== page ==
The subsequent processing steps are performed the two selected images. For the first selected image, a dilation process is performed first (step S15), the dilated image is converted to a binary image (step S16), and an erosion process is performed on the dilated and converted first image (step S17). For the second selected image, an erosion process is performed first (step S18), the eroded image is converted to a binary image (step S19), and a dilation process is performed on the eroded and converted second image (step S20). Dilation and erosion are well-known techniques in morphological image processing. Dilation generally results in an expansion of the dark areas of the image, while erosion generally results in a contracting of the dark areas of the image. A general discussion of dilation and erosion may be found, for example, in an article entitled “Understanding Dilation and Erosion: Morphological Operations (Image Processing Toolbox)”, available on the Internet at http://www.mathworks.com/access/helpdesk_r13/help/toolbox/images/morph4.html. There are many variations of dilation and erosion algorithms for grayscale images; any suitable algorithms may be used to implement the above steps. In addition, region growing and image shrinking algorithms may also be used. In this disclosure and the appended claims, the term dilation is broadly used to include region growing, and the term erosion is used broadly to include image shrinking.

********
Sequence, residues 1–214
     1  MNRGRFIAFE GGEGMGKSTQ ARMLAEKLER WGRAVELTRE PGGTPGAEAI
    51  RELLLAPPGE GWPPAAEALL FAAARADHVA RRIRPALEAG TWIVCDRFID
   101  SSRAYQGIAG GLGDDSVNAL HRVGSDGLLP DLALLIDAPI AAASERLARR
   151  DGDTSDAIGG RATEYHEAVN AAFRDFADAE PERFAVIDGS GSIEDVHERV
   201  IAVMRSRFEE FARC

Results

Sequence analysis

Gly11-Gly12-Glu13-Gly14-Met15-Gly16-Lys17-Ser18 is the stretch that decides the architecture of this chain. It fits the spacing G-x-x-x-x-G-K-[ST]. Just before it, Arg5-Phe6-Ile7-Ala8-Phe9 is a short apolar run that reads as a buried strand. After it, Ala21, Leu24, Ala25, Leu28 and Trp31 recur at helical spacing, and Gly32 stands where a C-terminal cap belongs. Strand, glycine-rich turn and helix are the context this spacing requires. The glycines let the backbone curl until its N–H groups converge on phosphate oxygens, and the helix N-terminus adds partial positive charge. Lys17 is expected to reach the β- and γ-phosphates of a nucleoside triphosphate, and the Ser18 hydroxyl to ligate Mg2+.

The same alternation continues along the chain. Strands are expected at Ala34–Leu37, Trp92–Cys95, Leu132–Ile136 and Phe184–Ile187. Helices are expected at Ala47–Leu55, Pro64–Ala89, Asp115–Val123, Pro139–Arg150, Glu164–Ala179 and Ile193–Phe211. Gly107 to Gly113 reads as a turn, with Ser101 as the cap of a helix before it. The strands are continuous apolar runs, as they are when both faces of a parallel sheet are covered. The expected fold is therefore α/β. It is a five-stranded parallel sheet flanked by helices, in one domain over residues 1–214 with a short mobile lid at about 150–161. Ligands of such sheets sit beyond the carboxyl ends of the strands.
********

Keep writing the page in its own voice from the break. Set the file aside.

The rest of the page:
The first processed image (the resulting image of steps S15 to S17) and the second processed image (the resulting image of steps S18 to S20) and processed to extract the common portions of the image (step S21). This may be done by a pixel-wise AND operation. The final image resulting from step S21 can be stored or used in subsequent processing as the scanned image of the document (step S22).